UN: Israeli 'Settlements Law' crosses red line, opens door for annexation

Nickolay Mladenov says the move "undermines substantially the two-state solution."

Amona resident with Ofra background (photo credit: MARC ISRAEL SELLEM)
Amona resident with Ofra background
(photo credit: MARC ISRAEL SELLEM)
The United Nations warned Israel on Tuesday that the new Settlements Law helps pave the way for the annexation of the West Bank.
It "opens the potential for the full annexation of the West Bank and therefore undermines substantially the two-state solution," the UN Special Envoy to the Middle East Peace Process Nickolay Mladenov told AFP.
"This is the first time the Israeli Knesset legislates in the occupied Palestinian lands and particularly on property issues," he told AFP.
Knesset passes settlement bill on February 6, 2017 (credit: REUTERS)
"That crosses a very thick red line,” he said and added that it also increased the possibly that the International Criminal Court would rule on the issue of West Bank settlements.
The Israeli Right cheered the the so-called Settlements Bill that retroactively legalizes 4,000 new homes on private Palestinian property while offering the landowners compensation. They hoped it would prevent any future forced demolitions of settler homes, such as the last week’s evacuation of the Amona outpost and next months scheduled demolition of nine homes in the Ofra settlement.
"Those settlers in Judea and Samaria that were sent by past governments to live there have suffered from a great deal of injustice over a long period of time. Tonight we made sure to fix it and regulated their status – once and for all," Tourism Minister Yariv Levin said after the bill’s passage.
But European countries condemned the new legislation on Tuesday.
“This law could exacerbate regional tensions,” stated French Foreign Minister Jean-Marc Ayrault.
 “The law further harms the two-state solution,” said Ayrault as he recalled that in January some 75 countries and international organizations had affirmed that this option was the best way to resolve the Israeli-Palestinian conflict.
He called on Israel to respect international law, which considers settlement activity to be illegal.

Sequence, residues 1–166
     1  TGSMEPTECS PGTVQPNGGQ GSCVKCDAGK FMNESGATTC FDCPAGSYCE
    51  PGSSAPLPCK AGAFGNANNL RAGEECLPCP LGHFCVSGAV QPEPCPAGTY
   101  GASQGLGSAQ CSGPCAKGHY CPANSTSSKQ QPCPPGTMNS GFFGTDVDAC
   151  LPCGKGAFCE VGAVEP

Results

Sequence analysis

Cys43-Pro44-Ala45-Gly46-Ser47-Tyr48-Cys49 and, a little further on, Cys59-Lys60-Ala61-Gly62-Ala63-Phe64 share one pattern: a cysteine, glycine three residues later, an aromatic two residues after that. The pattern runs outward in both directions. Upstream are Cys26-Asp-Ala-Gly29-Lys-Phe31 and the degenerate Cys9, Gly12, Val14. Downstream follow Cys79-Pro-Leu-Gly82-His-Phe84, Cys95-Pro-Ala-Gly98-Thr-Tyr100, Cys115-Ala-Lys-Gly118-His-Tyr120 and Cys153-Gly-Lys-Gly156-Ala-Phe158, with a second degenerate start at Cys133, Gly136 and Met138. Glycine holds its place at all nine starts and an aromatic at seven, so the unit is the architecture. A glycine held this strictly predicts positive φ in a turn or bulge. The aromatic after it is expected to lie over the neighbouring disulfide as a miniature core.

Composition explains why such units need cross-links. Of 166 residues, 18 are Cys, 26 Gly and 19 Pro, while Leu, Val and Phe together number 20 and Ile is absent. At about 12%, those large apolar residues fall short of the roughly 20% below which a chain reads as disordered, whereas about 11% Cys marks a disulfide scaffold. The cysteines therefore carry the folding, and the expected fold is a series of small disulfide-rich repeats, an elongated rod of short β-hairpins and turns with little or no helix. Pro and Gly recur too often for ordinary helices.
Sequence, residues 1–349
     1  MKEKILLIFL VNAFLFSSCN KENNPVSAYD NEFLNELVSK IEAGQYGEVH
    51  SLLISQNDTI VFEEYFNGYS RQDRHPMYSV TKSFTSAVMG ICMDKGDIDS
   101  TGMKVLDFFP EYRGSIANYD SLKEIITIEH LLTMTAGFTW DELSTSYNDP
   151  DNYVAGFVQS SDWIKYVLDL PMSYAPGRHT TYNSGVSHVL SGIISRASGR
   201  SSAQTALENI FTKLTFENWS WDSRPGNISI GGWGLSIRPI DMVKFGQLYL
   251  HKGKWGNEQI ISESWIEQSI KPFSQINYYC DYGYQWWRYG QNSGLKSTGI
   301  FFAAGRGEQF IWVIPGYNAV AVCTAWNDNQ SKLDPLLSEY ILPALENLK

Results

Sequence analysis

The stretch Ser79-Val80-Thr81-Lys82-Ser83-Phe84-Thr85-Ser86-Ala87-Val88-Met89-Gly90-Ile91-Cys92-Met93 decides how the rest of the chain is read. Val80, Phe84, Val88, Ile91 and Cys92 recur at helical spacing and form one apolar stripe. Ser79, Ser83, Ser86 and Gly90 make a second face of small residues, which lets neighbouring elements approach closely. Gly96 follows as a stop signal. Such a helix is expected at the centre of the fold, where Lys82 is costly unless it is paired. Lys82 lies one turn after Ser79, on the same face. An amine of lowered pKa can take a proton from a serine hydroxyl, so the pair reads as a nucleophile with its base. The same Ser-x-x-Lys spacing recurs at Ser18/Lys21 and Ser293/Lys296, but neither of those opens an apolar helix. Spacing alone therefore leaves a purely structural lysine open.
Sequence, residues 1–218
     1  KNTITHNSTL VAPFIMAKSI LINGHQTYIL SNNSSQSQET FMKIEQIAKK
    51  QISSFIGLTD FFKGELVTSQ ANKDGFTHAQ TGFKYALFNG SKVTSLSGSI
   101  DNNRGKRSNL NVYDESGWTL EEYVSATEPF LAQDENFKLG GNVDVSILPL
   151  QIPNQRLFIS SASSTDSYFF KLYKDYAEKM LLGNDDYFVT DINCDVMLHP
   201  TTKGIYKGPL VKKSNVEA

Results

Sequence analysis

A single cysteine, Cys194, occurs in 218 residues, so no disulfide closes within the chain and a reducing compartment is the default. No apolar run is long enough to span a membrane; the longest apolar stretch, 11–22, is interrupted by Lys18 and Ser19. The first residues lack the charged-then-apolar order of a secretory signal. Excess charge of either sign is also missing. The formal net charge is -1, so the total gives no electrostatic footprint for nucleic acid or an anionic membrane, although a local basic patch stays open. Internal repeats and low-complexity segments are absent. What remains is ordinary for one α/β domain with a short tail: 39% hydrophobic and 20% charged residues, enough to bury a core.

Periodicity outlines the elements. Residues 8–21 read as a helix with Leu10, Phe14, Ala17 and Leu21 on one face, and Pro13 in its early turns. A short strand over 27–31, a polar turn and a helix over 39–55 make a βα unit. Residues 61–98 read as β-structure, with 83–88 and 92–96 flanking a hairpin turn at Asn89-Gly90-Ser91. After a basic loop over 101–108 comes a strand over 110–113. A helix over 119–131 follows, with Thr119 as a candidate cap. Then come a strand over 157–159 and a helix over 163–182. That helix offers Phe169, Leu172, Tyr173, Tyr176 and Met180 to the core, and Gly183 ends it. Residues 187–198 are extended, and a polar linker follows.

Great Britain warned Israel that its standing with its allies had been damaged.
“It is of great concern that the bill paves the way for significant growth in settlements deep in the West Bank, threatening the viability of the two-state solution,” said British Minister for the Middle East Tobias Ellwood on Tuesday.
“As a longstanding friend of Israel,” Ellwood warned that the bill “damages Israel’s standing with its international partners.”
Just one day earlier, during a meeting at 10 Downing Street, British Prime Minister Theresa May told Prime Minister Benjamin Netanyahu that the United Kingdom opposed settlement activity.
Turkey’s Foreign Ministry on Tuesday also condemned the legislation and reminded Israel that the UN Security Council had called on Israel to stop such activity in a December resolution.
“The policy Israel persistently pursues despite the UN Security Council Resolution dated 23 December 2016 and numbered 2334 which put on record that illegal settlement activities at the occupied Palestinian territories are destroying the basis for the two state solution, is unacceptable,” he said.
Both governments along with many others in the international community believe that settlements are a stumbling block to peace.
In Jerusalem, Netanyahu spoke with visiting Belgian Prime Minister Charles Michel about the almost three-year freeze in the peace process.
“I think the problem for which we lack peace with the Palestinians is a simple truth – the persistent Palestinian refusal for the last 70 years, 68 years since Israel was established, to recognize a Jewish state in any boundaries.
“This is the core of our particular conflict. I look forward to the day when we have Palestinians who are willing to recognize, finally, the Jewish state. That will be the beginning of peace and a great step forward to achieving it,” Netanyahu said.